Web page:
fbpx
The Grand Rapids Gold recently started housing players at The Grove, a new apartment complex outside of Grand Rapids. The Grand Rapids Gold recently started housing players at The Grove, a new apartment complex outside of Grand Rapids. COURTESY RENDERING

Sports teams heighten focus on player housing

BY Sunday, January 30, 2022 06:42pm

Ever since the West Michigan Whitecaps settled in Grand Rapids in 1994, its players have relied on local host families to provide housing during the baseball season.

Under the organization’s “Keep-A-Cap” program, which is still going strong, players pay a nominal fee to live with a Grand Rapids-area household. Starting this year, though, the Detroit Tigers will be picking up the tab on any expenses affiliated with the program.

Last fall, Major League Baseball owners approved a new policy that requires teams to provide housing for nearly all of their Minor League players, eliminating housing-related expenses and helping players avoid tying themselves up in leases.

The latest change in policy directly affects the way that the Whitecaps and the Lansing Lugnuts approach player housing while shining a light on the issues that prospects of any sport often encounter when they’re rising up through the lower ranks.

Solving the housing problem

Under the Keep-A-Cap program, the Whitecaps have made life simple for the Detroit Tigers, which is now responsible for housing any Minor League player that makes less than $20,000 per month or is not currently under contract with Major League Baseball.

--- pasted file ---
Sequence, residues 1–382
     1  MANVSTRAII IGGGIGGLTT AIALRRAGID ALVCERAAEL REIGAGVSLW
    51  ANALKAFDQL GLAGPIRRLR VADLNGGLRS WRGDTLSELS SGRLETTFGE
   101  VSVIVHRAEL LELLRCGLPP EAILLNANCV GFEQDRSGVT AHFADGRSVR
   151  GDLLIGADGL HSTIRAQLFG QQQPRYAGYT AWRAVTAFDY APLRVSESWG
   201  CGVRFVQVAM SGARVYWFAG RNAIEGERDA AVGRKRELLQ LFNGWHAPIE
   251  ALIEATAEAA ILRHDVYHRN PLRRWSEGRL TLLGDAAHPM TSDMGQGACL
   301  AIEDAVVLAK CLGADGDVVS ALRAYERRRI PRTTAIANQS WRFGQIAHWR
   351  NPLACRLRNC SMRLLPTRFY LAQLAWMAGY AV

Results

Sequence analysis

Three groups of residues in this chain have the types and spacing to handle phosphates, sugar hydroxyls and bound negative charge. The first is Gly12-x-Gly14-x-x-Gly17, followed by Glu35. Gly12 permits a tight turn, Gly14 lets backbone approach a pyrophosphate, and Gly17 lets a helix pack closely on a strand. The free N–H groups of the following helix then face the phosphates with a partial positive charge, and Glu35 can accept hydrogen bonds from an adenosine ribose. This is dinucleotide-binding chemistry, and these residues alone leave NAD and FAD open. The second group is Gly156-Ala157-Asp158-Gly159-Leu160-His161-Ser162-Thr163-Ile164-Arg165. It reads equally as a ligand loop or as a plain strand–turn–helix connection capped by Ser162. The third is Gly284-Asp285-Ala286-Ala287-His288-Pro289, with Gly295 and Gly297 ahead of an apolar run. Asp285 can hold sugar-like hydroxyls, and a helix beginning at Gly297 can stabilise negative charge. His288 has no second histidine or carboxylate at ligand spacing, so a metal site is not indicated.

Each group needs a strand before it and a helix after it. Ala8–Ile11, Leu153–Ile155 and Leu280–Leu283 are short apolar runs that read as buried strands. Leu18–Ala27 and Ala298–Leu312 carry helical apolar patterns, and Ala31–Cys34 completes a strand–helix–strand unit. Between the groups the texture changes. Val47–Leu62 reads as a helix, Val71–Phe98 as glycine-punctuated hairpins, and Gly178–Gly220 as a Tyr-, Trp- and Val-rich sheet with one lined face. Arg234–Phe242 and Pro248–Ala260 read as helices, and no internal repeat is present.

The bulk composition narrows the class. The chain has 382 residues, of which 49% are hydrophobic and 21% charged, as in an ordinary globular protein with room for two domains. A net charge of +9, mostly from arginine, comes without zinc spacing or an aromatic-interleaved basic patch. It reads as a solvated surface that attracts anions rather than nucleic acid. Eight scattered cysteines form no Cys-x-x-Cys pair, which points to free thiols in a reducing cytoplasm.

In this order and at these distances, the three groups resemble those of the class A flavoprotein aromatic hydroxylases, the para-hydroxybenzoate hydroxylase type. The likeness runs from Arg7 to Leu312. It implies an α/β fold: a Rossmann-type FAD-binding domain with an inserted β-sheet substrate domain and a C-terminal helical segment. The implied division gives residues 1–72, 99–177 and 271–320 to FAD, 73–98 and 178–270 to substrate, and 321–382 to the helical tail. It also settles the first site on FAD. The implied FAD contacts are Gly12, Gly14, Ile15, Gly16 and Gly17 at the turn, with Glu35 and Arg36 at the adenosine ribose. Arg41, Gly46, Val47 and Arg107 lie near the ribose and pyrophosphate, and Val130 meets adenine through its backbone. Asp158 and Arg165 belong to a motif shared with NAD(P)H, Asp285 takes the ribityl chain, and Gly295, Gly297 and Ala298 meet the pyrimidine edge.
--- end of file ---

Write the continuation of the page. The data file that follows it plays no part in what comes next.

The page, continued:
“(The Keep-A-Cap) program is going to be able to continue, and I’m glad it is,” said Jim Jarecki, vice president and general manager of the Whitecaps, which serves as the High-A Minor League affiliate for the Tigers. 

“It’s really a part of what we are and what we do because we have families that have been involved since day one. A lot of them for the last five to 10 years.”

Minor League Baseball, especially for those who are not top Major League prospects, is fairly notorious for its thankless lifestyle. In some cases, young baseball players endure living conditions that are borderline impoverished as they pursue a career in the Big Leagues.

Major League Baseball’s new housing policy was put in place to ensure that prospects of all backgrounds are able to settle into their club’s home city while still remaining mobile for potential call-ups.

The Keep-A-Cap program has been a wild success: Jarecki said that it has been the preferred living arrangement for nearly 100 percent of players over the years — even those who could afford apartments.

“(Major League Baseball) will be providing housing for them, so in essence, (the Tigers will) be paying the rent for that,” he said. “How that’s being established really varies team by team. They’re trying to work on some things. We’re fortunate — the (Tigers) don’t have to worry about it because we have that programing plan here.”

For the Lansing Lugnuts, the High-A affiliate to the Oakland Athletics, housing has been more of a thorn in the organization’s side. The team lacks a network of host families like the Whitecaps and is left to negotiate with area apartments to provide lease terms that fit with the needs of a player, who are generally only in town for about five months of the year. Players also compete with Lansing Community College and Michigan State University students for housing options.